A new Op-Ed by Carr Center Senior Fellow Alberto Mora in Politico.
President Donald Trump is notoriously hostile toward the CIA. He frequently denigrates it in public and reportedly rarely even bothers to read its reports. None of Trump’s critical tweets, utterances or acts, however, carries as much venom or has the potential for causing as much harm to the agency as the president’s recent nomination of Gina Haspel to serve as the CIA’s next director. If evidence were needed of the president’s continuing grudge against the agency, this is it.
The answer begins with an understanding of the role of the director. As is the case with any agency, the director is critical to the CIA’s identity and effectiveness. Inwardly, she sets the standard, defines the vision and mission, drives effectiveness, ensures legal compliance, and is accountable for everything and everyone. If the director rises from the ranks (as Haspel did), she serves as the honored model of and guide to career success and accomplishment. Externally, the director represents the public face of the agency and the embodiment of its ethos, character and competence. And while these functions are common to all agencies, arguably the role is most important at the CIA because it uniquely operates at the boundary of law and illegality—a dangerous intersection for a democracy where particular care is required.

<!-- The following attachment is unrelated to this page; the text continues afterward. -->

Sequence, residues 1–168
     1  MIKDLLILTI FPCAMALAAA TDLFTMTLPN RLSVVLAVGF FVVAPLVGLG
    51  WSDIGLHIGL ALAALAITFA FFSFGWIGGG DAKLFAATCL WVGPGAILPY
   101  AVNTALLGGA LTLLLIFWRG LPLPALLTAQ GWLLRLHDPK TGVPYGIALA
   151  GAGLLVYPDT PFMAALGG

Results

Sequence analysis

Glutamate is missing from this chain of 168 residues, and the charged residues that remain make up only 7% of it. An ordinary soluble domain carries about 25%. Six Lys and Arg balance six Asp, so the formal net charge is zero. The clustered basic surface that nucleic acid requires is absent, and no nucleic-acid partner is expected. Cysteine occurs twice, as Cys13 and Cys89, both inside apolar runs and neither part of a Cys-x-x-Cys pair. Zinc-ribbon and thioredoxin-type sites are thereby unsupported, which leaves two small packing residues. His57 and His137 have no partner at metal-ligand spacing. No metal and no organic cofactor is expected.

Alberto Mora is a senior fellow at the Harvard Kennedy School’s Carr Center for Human Rights Policy and a former general counsel of the Department of the Navy. He is the former general counsel of the Navy who was an early opponent of torture during the Bush administration.